Curiosity “Spyglass” Megamosaic of Mount Sharp – NASA’s Mars Exploration Program

Housedon_Hill ChemCam / RMI mosaic, with selected zooms on the areas of interest.

Housedon_Hill ChemCam / RMI mosaic, with selected zooms on the areas of interest. Credit: NASA / JPL-Caltech / LANL / CNES / CNRS / IRAP / IAS / LPG.

A quick introduction, as I am not a regular author of the Curiosity blog: since landing the rover, I have been involved in ChemCam image processing at the University of Nantes in France. I’m always looking forward to new data, and the images I’ve collected here as a video are a real pleasure.

The team’s recent two-month Housedon Hill imaging campaign while at the “Mary Anning” drilling site broke a record, being the largest mosaic to date with Remote Micro-Imager (RMI). ) from ChemCam. RMI was originally designed to document the tiny areas analyzed by ChemCam’s laser-induced damage spectroscopy (LIBS) technique on rocks just a few meters from the rover. During the first year of Curiosity on Mars, it was recognized that, thanks to its powerful optics, RMI could move from a microscope to a telescope and can play a significant role as a remote recognition tool. Provides a typical “black and white” circular image of a small black and white region. So, RMI complements other cameras quite nicely, due to the very large focal length. When sewn together, RMI mosaics reveal landscape details a few kilometers from the rover and provide images that are highly complementary to orbital observations, providing a more humane, ground-based perspective.

From July to October 2020, Curiosity remained parked in the same place to perform various rock sampling analyzes. This rare opportunity to stay in the same location for a long time was used by the team to target very remote areas of interest, building a growing RMI mosaic between September 9 and October 23 (messages 2878 and 2921) which eventually became 216 superimposed images. When sewn in a 46947×7260 pixel panorama, it covers over 50 degrees of azimuth along the horizon, from the lower layers of the “Mount Sharp” on the right to the edge of the “Vera Rubin Ridge” on the left. The inserts show how the high resolution obtained by RMI reveals various forms of geological relief, such as a field of sand undulations near the Vera Rubin ridge and an impressive variety of stratified units. All these features highlight the complex geological history of Gale crater. Mount Sharp has a prominent “marker bed”, a single distinct layer that can be traced almost along its base, which stretches for tens of kilometers. It appears in this mosaic as a dark layer that marks a key change in the formation of the mountain. slopes.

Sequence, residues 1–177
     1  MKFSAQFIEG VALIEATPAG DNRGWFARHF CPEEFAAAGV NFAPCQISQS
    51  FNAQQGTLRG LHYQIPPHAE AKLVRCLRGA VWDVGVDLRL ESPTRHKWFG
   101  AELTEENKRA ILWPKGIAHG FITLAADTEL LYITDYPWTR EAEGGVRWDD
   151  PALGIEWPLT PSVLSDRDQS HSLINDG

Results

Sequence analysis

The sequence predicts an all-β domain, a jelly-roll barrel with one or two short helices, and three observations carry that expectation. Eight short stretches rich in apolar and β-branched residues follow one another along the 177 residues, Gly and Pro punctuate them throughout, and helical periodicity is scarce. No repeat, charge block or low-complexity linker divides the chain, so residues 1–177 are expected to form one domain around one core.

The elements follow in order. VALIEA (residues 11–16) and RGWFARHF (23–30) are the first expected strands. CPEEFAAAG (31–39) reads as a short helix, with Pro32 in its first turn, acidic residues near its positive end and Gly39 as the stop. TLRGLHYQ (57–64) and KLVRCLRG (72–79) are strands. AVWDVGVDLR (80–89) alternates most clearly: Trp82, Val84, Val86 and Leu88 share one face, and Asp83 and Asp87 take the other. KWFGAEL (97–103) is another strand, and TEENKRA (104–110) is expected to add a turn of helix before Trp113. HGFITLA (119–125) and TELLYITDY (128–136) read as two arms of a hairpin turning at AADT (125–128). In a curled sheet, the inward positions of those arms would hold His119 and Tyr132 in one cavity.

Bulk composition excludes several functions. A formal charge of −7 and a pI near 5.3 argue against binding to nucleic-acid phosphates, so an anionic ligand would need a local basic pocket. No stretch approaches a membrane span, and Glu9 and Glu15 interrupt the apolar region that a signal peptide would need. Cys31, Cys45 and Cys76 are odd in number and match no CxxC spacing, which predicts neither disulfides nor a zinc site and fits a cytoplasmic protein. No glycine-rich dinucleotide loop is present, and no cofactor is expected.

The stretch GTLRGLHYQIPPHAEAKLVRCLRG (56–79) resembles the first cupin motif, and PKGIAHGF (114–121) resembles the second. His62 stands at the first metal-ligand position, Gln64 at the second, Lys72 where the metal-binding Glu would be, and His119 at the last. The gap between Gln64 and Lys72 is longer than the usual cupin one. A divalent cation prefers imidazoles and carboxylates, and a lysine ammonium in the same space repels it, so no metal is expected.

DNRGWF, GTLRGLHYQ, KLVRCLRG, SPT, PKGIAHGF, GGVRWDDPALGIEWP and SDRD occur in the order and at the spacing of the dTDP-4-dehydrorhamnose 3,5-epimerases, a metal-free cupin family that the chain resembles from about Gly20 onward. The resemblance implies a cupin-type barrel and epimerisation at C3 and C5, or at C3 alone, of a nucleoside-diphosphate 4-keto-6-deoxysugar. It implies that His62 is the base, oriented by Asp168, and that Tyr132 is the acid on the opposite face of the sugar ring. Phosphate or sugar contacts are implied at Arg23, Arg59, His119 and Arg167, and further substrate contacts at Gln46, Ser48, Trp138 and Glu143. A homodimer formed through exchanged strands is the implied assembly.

By stretching the contrast of the image in the middle of the panorama above the foreground, one can even recognize features corresponding to the blocked rocks that rolled partially down from the wall of Gale’s crater, in the distance. When measured using Mars Reconnaissance Orbiter’s Orbiter’s context camera (CTX) images, these blocks are 59 kilometers from the rover – a record distance for a ChemCam / RMI observation. This is the equivalent of seeing downtown Baltimore buildings in downtown Washington DC. This indicates that, despite the dust in the atmosphere, which varies significantly depending on the seasons, the sky at this time was clear enough to take such distant images.

Image taken with the CTX camera

Space and ground view: These two images compare images taken from space (by the Context Camera, or CTX, aboard the Mars Reconnaissance Orbiter) and the Martian surface (from the Remote Mico-Imager aboard the ChemCam, an instrument aboard NASA’s Curiosity rover). Credits: NASA / JPL -Caltech / LANL / CNES / CNRS / IRAP / IAS / LPG / MSSS